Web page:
Watching "Drive Angry" and the movie adaptation of "21 Jump Street", the sequential form of a movie was well pronounced. I especially noticed the third Act as having elements paid off from the prior two Acts. "21 Jump Street" was surprisingly well written and paid off its humorous setups.
I noticed the Goal as Dramatica has it probably isn't that action against the antagonist, it's probably what they're still trying to achieve. I'm guessing this Requirement is what they're focused on in Act Three, so that in the epilogue they'll have fulfilled the Goal. Now, thanks to these two movies and watching a few others, I noticed the setups and see why Dramatica calls them "Driver" Additional Story Points. In one podcast, Chris answered a question by saying you should remind the viewers of these Story Points at least once each Act. They don't just appear once. That's the idea of having setups, I'm guessing.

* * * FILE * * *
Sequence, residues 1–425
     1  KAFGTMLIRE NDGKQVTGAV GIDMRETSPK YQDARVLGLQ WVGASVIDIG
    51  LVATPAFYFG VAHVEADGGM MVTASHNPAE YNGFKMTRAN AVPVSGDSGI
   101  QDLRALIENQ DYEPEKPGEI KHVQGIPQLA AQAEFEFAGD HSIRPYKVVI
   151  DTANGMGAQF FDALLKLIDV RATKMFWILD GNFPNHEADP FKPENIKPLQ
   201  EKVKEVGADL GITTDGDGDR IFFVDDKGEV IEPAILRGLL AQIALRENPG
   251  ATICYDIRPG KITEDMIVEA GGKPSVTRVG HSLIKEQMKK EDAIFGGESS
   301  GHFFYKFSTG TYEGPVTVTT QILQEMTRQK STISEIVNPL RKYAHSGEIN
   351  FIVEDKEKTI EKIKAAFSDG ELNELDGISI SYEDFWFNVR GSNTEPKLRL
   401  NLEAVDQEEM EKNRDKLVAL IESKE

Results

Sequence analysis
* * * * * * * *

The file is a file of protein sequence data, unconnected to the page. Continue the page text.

Dramatica has two sets of four Story Points: Driver and Passenger. Maybe this is just a convenient way of including all eight, but I don't think so. The Driver Points (Goal, Requirements, Forewarnings, and Consequences) are so intertwined with the course of Act Three, that I wonder if the Passenger Story Points are less tied to this. They'd still be part of the story, but not as much of the story's end result.
It would be interesting to know whether, in "The Dream Team" (1989), the four nut cases having to act sane during the Third Act was a precondition or prerequisite. They have to pretend to be doctors and go in to pull their doctor out of the hospital, but they have an additional concern of acting sane in order to pull it off.
Come here to ask questions or give advice about the theory that forms the basis of Dramatica.
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